From Melissa Lion at Metroblogging Portland I learned of Portland's latest creative-class diversion: the Writers Dojo, a membership-only "writers' space" where people go to, well, write things. Or, as the center's website puts it:
Writers' Dojo is a new, shared, creative office and center of excellence for serious writers...a homebase for that peripatetic café diaspora known as the writers' group.
Putting aside my vague concern about a center of writing excellence that doesn't seem entirely clear on the definition of diaspora, I clicked through to find out what amenities were offered, and at what price. The electrical outlets, the printers, the coffee, the Wi-Fi -- makes sense, all well and good. (The showers? I don't know, and I don't want to know.)
And all this can be yours, serious writer, for the low low price of...
...$120 a month.
$120 a month.
Once I scraped my jaw off my shoes, I burst out laughing thinking of the "serious writers" I know, and how many of them have an extra $120 per month of brass in pocket. (Answer: None...and if any of them did, they'd be spending it on books. Or charity. Or booze.)
Look: if spending $120 a month to write in public whips it on for some people, then God bless 'em and it's money well spent. But sitting around in a room with a bunch of other writers is the surest way for me to be not-writing (and I don't need any help on that front).
Writing, for me, has never been some communal activity. I'd rather do it in my own living room, in a pair of old sweats or boxers, not worrying about what I look like or how I smell. I have a printer, and a coffeemaker, and a shower, and all the professional accoutrements for which the Writers' Dojo would like to relieve me of $120 a month.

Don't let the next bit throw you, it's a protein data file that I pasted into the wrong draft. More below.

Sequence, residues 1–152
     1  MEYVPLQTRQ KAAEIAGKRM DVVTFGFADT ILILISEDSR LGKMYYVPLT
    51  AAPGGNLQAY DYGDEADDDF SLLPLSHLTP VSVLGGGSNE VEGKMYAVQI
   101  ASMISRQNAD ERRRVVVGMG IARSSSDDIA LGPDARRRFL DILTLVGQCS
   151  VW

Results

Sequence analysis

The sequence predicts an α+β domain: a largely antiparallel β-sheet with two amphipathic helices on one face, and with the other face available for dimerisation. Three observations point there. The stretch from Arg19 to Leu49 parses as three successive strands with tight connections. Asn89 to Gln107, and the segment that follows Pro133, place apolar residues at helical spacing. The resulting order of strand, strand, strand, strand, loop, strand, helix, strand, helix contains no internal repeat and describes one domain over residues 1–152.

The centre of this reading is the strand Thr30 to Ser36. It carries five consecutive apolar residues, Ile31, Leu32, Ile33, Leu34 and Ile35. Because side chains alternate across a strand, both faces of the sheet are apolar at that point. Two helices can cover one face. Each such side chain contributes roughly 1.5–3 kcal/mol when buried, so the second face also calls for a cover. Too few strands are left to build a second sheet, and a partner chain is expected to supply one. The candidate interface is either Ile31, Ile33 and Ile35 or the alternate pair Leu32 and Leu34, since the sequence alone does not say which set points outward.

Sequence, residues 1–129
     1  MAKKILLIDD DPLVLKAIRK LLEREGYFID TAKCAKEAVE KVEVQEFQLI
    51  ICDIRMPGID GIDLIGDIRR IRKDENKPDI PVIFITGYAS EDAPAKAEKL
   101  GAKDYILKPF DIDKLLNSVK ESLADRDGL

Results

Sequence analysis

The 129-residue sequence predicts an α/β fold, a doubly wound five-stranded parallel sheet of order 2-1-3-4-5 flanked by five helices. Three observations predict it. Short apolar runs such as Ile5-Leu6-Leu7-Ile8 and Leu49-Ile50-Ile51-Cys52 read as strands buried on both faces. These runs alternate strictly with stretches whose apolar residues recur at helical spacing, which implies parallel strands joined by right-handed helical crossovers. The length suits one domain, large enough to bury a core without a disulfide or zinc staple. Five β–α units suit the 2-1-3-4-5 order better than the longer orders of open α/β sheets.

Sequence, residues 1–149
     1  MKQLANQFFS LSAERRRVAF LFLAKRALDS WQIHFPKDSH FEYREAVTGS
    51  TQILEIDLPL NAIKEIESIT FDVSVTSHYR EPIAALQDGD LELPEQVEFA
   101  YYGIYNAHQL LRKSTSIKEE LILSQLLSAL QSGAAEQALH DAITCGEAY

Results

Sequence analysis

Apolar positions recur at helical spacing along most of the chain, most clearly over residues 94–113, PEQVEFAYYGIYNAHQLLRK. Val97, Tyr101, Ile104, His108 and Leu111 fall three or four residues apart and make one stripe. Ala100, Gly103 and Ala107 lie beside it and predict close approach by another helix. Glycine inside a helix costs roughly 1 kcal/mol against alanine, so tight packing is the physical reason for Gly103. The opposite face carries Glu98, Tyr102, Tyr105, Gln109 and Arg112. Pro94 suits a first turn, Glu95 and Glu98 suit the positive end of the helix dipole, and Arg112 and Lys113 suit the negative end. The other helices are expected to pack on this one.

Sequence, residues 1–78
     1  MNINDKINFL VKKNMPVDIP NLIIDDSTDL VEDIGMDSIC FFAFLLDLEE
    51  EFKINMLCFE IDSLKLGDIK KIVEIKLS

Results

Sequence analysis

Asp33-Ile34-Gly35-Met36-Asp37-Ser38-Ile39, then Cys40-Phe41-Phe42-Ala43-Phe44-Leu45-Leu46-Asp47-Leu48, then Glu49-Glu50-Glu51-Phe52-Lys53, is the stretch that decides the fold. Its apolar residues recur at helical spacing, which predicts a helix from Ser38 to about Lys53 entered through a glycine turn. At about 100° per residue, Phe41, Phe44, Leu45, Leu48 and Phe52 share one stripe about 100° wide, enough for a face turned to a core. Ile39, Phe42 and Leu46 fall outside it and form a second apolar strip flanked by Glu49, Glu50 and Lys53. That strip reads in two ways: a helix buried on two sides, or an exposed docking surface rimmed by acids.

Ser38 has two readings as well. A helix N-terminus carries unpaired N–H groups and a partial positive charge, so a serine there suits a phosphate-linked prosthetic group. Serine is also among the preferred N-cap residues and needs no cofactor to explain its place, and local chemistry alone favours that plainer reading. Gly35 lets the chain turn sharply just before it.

And if I want a change of scenery, I can take my laptop or a pad to the park, or to the neighborhood coffeehouse, or to the public library, which even has a beautiful room reserved for use exclusively by writers -- and it's free.
But, of course, it's not about writing; it's about being seen writing, and it comes from the same impulse that drives some people to join a country club and others to pay for a public humidor with their name on a brass plate, when a municipal tennis court or a cigar box at home would do. When the Writers' Dojo e-zine promises "podcasts, updates, party invites, and writers' resources," it's surely no accident in which order those things are listed.
I wonder what Walker Percy, a Pulitzer prizewinner who managed to scratch his writing-in-public itch at the Waffle House, for Christ's sake, would say about a "creative class" whose members paid $120 a month to swan around with their laptops, call themselves a "dojo," and find their muse in bamboo flooring.